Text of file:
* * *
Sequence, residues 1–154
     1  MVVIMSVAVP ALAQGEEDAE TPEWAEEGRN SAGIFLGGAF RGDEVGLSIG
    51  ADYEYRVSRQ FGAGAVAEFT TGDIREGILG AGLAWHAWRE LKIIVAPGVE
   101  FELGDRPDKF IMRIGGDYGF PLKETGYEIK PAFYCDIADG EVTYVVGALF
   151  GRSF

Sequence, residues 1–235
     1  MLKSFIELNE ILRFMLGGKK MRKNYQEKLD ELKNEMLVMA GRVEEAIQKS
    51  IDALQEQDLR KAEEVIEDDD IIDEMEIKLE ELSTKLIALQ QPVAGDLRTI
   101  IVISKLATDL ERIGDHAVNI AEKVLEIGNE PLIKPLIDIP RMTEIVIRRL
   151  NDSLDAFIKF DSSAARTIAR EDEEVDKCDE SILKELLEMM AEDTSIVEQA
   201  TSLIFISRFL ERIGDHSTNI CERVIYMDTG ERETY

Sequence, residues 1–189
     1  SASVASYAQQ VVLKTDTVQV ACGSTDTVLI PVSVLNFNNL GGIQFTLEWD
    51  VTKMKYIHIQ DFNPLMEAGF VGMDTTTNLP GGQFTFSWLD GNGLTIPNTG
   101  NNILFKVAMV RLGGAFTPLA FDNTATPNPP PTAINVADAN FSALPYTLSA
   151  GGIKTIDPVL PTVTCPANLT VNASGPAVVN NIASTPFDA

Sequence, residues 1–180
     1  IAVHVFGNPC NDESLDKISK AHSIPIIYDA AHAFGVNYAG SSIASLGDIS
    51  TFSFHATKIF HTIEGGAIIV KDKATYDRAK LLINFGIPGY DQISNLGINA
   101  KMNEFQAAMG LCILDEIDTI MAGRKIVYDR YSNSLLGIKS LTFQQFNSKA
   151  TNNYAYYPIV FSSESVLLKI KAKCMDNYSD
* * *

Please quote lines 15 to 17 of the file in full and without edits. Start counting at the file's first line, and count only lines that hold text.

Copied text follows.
   101  NNILFKVAMV RLGGAFTPLA FDNTATPNPP PTAINVADAN FSALPYTLSA
   151  GGIKTIDPVL PTVTCPANLT VNASGPAVVN NIASTPFDA

Sequence, residues 1–180